def quicksort(l: list) -> list:
    if not l:
        return []
    partition = l[0] 
    return quicksort(x for x in l[1:] if x <= partition) + [partition] + quicksort(x for x in l[1:] if x > partition])

Yes, my way is more verbose. But which would you rather be maintaining, or reviewing, or trying to understand.
As an industry, I think we have an affinity for the shiny features of a language (and this is coming from me, who loves the shiny new features of a language), but we don’t often talk about why we use those shiny bits.

In the above example, the main change I made was to just create a named function. I know, I wasn’t one of the cool kids using lambda, but that’s because I didn’t have a use case that warrants it. Lambdas are for anonymous functions — they are used to avoid polluting scope. But in the one-liner, we are immediately saving the function to a variable named q, in our current scope. We’ve picked the wrong abstraction for the job (and those of you who have read my book know that I talk about this a bunch in the first chapter).

And the root cause of this is (in my opinion) a drive to write “Pythonic” code.

“Pythonic” Code

When Python entered the programming scene, we were all wowed at how easy it was to write simple code that just worked. Over time, the sheer number of convenient built-ins, comprehension capabilities, and well-named operations on types made it really easy to identify “Pythonic” code.

I didn’t have to loop over indices of a collection , I could just do for item in collection instead. (Or use enumerate if I needed the index).

But…. over time, I think we lost sight of what it means to be “Pythonic”. If we look at the “Zen of Python“, one line states “There should be one — and preferably only one – way to do it”. But as this post shows, there are multiple ways of doing things, all of valid? How do we distinguish the most “Pythonic” way of doing something? Is it the most number of features? The shortest amount of code? No. It’s the most expressive.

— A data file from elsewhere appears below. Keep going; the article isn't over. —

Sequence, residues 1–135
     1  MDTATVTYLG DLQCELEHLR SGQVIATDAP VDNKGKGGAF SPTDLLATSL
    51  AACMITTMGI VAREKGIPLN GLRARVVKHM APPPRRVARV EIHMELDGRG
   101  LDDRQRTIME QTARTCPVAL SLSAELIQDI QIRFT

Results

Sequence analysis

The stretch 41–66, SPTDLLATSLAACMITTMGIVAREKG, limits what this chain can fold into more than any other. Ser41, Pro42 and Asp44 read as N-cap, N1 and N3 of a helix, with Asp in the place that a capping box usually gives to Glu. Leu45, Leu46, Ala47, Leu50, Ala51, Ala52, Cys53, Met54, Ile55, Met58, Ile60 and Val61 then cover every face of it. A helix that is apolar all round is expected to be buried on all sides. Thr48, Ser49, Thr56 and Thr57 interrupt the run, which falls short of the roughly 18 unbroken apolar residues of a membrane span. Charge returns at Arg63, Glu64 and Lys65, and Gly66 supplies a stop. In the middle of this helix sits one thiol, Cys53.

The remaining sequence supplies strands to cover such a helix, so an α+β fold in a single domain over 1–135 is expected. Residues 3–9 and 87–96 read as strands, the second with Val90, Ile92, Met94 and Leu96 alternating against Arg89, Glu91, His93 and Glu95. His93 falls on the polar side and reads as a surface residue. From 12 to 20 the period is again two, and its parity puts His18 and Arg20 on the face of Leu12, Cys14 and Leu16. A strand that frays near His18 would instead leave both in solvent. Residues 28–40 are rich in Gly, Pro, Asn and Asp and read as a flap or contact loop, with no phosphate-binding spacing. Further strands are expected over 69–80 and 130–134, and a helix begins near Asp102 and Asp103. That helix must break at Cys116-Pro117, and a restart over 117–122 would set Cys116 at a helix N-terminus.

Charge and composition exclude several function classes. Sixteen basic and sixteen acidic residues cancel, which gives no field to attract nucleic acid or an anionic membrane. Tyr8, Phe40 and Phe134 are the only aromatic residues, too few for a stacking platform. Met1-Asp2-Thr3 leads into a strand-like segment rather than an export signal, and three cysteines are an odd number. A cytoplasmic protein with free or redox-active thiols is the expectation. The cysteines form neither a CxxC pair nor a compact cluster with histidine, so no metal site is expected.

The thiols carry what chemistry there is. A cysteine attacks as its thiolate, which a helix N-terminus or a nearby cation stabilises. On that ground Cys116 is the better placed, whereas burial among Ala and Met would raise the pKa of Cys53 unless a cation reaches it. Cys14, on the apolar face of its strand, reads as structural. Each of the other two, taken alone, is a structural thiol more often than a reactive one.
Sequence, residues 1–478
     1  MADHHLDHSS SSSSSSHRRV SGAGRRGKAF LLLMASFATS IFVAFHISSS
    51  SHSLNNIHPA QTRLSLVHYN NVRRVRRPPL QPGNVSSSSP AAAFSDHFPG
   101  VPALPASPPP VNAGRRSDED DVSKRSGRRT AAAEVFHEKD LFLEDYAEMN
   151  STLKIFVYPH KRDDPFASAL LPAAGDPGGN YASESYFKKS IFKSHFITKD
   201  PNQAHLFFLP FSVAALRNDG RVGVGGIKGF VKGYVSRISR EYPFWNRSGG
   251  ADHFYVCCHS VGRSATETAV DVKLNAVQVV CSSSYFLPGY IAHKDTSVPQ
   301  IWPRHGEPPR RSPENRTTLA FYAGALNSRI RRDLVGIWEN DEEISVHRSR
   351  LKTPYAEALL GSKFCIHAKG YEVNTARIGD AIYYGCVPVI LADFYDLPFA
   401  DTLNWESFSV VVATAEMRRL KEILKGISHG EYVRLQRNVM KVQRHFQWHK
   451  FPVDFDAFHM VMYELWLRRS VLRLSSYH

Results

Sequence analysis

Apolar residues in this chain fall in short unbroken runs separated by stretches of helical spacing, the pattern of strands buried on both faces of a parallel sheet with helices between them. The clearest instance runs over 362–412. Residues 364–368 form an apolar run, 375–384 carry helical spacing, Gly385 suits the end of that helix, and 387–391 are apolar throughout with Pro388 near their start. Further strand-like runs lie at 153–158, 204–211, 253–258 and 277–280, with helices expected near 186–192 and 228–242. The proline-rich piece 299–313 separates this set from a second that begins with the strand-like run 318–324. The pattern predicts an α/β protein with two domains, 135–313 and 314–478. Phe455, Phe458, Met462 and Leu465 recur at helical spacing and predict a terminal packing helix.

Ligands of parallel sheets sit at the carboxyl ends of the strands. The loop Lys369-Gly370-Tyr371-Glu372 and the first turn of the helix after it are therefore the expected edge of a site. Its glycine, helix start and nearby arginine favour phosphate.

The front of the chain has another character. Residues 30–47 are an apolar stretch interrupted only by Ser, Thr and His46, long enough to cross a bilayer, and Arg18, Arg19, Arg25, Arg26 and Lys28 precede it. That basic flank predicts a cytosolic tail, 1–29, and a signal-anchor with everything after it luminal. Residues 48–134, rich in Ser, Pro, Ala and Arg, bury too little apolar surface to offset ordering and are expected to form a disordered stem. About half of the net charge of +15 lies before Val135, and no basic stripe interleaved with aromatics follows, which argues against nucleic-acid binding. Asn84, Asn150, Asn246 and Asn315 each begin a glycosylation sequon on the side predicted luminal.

Every choice we make conveys an intention. Lambdas convey anonymous functions that don’t pollute scope. While loops convey looping until a condition happens, not iterating over a collection. Dictionaries represent key-value lookups, not collections of heterogeneous data. Every time you go against the intent of the abstraction you use, you add cognitive burden to the user, and you decrease understandable intent.

Really, I think we get so caught up in the”one way to do it”, where instead, I think the Zen of Python intends to say “one way to convey the specific concept you are intending”. Thus, I don’t think multiple ways to solve a problem is a contradiction to Zen of Python, because there’s probably one of those ways that is the most representative of the intent, and that is what we should be writing for. Use the language features if they most accurately convey your intent, and don’t use them if they don’t.

(This is actually why I think map/filter are so contentious – they have so much overlap with generator comprehensions that they are almost entirely superfluous as to when I would use one over the other. Maybe, just maybe i could say that use map/filter if you have a named function to apply to a collection, but I also think that (f(x) for x in collection) is just as clear (in roughly the same amount of code)).

My solution

So, given my advice above, how did I go about proposing my solution? Well, first, I thought about ways to express the problem domain. If you were to ask me how to see if everything was the same, I would never think that we would need a set, or to sort data, or to rely on integer conversions from bool (the sum(bools) approach). Those are implementation details, and I feel like those are the wrong abstractions related to the domain. Instead, I want to check every element in the list for some predicate. This means that an all() function seems most appropriate — I’m checking all elements in a list:

all(predicate(b) for b in bools)

Now what should that predicate be? Well, I want to make sure that every element matches each other, which means every element should be equal to the first:

all(b == bools[0] for b in bools)

Finally, I want to handle an empty list (I chose false for empty list, but if you want true ,the snippet above works just fine)

all(b == bools[0] for b in bools) if bools else False